BRUNDIDGE v. The STATE.
Mario Brundidge, pro se, appeals from an order dismissing his motion to withdraw a 1997 guilty plea and denying his motion to vacate a void judgment. For the reasons that follow, we affirm.
In 1997, Brundidge entered a first-offender guilty plea to a six-count indictment related to the theft of two automobiles. In 2005, Brundidge pleaded guilty to a 54-count indictment alleging armed robberies, hijacking a vehicle, kidnapping, attempted rape, firearms charges, and other violent charges. That indictment included a recidivist statement alleging that he had been convicted of the 1997 felonies as well as a 2003 felony count of fleeing to elude a police officer.
In the case before us, Brundidge in 2008 filed a pro se motion to withdraw his 1997 guilty plea, which he argued supported certain charges in the 2005 indictment based on his status as a felon.1 He also moved to vacate his 2005 conviction. The trial court dismissed his motion to withdraw and denied his motion to vacate, giving rise to this appeal.
1. With respect to Brundidge's motion to withdraw his first offender guilty plea, we note that Brundidge relied on OCGA § 17-7-93(b), which provides in relevant part that “[a]t any time before judgment is pronounced, the accused person may withdraw the plea of ‘guilty’ and plead ‘not guilty’; and the former plea shall not be admissible as evidence against him at his trial.” Based on the lack of a final adjudication of guilt for his 1997 indictment,2 Brundidge sought to withdraw that guilty plea eleven years later. However,
[a]lthough OCGA § 17-7-93(b) provides that a defendant may withdraw the plea of “guilty” and plead “not guilty” at any time before judgment is pronounced, it does not apply to pleas resulting in treatment as a first offender. To allow a defendant to retain the right to withdraw his plea despite his first offender status would completely subvert the provisions of the First Offender Act and to so hold would constitute an abuse of the statute enacted for the benefit of first offenders, and thus permit them, after the passage of months and even years, and after witnesses are gone or dispersed, or even dead, to withdraw a plea of guilty․3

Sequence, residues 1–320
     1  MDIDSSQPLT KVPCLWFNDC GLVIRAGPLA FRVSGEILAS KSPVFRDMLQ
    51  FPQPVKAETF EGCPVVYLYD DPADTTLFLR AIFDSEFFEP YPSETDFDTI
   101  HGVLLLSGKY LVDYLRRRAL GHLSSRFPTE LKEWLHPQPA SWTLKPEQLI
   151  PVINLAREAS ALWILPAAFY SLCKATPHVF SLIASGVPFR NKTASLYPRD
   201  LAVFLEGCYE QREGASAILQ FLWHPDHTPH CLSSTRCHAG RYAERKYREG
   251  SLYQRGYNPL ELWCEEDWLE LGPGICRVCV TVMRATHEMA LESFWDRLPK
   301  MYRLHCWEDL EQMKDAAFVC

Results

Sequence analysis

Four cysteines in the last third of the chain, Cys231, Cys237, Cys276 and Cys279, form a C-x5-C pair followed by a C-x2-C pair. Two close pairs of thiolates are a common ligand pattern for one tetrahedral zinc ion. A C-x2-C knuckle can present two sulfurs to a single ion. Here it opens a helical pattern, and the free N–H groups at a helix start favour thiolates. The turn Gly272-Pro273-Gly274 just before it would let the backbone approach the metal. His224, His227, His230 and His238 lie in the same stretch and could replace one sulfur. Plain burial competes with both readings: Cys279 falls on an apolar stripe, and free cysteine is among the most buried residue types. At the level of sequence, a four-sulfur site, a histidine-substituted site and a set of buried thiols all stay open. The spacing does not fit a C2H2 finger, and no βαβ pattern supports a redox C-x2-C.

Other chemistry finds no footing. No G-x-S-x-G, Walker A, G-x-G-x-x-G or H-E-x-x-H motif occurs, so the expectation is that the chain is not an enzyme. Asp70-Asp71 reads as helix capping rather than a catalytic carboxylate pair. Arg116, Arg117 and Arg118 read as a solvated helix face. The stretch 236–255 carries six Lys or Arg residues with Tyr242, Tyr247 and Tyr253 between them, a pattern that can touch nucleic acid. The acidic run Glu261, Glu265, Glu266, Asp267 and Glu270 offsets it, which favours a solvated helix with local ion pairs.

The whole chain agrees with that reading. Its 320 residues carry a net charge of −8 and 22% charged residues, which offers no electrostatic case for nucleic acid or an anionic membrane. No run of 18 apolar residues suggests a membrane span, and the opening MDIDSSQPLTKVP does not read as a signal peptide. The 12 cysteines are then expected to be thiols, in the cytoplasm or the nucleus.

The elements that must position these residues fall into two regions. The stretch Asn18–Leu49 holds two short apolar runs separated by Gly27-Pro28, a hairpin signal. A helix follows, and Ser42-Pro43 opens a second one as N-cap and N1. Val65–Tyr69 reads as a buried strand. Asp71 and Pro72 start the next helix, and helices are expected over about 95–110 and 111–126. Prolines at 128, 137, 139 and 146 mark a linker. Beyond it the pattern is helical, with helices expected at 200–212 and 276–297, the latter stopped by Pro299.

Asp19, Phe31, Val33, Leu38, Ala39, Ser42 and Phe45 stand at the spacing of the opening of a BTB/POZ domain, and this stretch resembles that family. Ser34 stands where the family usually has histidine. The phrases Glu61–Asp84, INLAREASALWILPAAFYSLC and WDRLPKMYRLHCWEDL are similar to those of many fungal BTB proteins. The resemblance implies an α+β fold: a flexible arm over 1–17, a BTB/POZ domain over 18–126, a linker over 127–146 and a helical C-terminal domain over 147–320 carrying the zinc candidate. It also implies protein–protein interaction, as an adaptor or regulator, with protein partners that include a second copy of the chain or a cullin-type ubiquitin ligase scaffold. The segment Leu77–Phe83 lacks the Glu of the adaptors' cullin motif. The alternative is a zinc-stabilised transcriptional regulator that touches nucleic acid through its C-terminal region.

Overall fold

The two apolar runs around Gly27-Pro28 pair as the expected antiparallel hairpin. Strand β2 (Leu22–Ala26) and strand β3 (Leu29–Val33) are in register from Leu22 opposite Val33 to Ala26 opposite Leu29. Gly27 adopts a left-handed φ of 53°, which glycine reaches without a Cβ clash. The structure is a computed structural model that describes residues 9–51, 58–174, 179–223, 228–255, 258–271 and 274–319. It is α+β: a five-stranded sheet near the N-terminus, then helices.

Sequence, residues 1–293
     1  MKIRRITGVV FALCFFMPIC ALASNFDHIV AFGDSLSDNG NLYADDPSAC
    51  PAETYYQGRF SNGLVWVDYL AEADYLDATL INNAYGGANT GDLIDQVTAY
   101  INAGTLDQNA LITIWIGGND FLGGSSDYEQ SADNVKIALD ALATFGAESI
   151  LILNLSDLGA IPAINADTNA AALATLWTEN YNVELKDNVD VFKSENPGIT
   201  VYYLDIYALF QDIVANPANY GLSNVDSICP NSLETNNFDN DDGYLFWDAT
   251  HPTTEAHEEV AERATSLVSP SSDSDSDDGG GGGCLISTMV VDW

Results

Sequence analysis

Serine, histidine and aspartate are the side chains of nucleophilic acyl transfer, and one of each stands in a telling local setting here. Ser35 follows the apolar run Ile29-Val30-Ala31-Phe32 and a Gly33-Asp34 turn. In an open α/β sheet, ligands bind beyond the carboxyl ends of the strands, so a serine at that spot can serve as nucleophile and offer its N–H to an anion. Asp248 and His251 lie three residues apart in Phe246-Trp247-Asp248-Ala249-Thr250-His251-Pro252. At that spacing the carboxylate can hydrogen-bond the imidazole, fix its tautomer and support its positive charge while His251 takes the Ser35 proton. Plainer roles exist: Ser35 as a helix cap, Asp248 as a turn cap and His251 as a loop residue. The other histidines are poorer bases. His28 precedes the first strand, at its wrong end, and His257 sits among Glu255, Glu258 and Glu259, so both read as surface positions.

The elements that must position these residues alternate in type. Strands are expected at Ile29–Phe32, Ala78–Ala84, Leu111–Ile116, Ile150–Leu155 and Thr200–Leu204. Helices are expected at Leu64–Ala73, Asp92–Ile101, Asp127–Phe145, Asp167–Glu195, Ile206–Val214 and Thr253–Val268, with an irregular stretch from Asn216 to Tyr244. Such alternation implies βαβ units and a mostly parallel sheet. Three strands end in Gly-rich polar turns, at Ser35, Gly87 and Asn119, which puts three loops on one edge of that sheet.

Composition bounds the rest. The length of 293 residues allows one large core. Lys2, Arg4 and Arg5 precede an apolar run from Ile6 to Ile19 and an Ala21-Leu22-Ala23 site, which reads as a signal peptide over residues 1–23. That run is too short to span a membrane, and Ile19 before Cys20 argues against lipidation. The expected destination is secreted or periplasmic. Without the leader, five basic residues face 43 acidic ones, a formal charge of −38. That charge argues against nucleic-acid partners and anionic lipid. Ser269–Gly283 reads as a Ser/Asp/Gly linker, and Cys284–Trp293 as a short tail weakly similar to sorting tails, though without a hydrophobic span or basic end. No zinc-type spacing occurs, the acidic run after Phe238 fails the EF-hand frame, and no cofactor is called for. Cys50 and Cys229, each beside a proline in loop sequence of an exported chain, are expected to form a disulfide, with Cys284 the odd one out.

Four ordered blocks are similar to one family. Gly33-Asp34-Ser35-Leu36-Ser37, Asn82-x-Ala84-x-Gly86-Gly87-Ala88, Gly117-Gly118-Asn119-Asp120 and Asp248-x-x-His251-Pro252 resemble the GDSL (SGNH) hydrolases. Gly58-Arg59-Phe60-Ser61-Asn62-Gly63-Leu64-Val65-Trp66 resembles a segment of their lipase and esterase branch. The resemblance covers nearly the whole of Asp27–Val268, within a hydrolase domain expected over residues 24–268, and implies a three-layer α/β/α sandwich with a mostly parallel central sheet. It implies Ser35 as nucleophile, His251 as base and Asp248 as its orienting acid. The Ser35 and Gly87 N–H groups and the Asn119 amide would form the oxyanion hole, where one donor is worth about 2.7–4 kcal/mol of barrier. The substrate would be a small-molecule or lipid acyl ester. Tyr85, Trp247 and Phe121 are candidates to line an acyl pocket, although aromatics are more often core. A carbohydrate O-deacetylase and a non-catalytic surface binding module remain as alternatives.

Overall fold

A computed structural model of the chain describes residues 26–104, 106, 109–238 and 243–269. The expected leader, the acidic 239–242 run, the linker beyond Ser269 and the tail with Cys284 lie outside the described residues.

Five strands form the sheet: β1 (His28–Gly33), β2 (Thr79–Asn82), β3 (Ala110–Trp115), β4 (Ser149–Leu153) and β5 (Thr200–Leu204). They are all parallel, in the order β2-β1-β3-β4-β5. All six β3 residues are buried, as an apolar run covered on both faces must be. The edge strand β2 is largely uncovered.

Therefore, we discern no reversible error here.4
2. With respect to Brundidge's motion to vacate a void judgment, the Georgia Supreme Court has recently clarified that “a petition to vacate or modify a judgment of conviction is not an appropriate remedy in a criminal case,” and is therefore subject to dismissal.5 Accordingly, this enumeration presents no basis for reversal.
1. Brundridge does not address the other prior felonies alleged in the 2005 indictment.
2. See OCGA § 42-8-62(a) (“Upon fulfillment of the terms of probation, upon release by the court prior to the termination of the period thereof, or upon release from confinement, the defendant shall be discharged without court adjudication of guilt.”)
3. (Punctuation and footnote omitted.) Winkles v. State, 275 Ga.App. 351, 352(1) (620 S.E.2d 594) (2005). See also State v. Stinson, 278 Ga. 377, 379 (602 S.E.2d 654) (2004) (“The Court of Appeals rightly reasoned that to accept that [the defendant] retained the right to withdraw his guilty plea [four years later] was to completely subvert the provisions of the First Offender Act and was therefore, ‘untenable.’ ”); Fair v. State, 245 Ga. 868, 877(8) (268 S.E.2d 316) (1980).
4. To the extent that the analysis in Tripp v. State, 223 Ga.App. 73, 74 (476 S.E.2d 844) (1996) differs from that here, it is physical precedent only and not binding authority. See Court of Appeals Rule 33(a).
5. Harper v. State, --- Ga. ----, ----(2) (Case No. S09A1019; decided November 9, 2009).
BLACKBURN, P.J., and ADAMS, J., concur.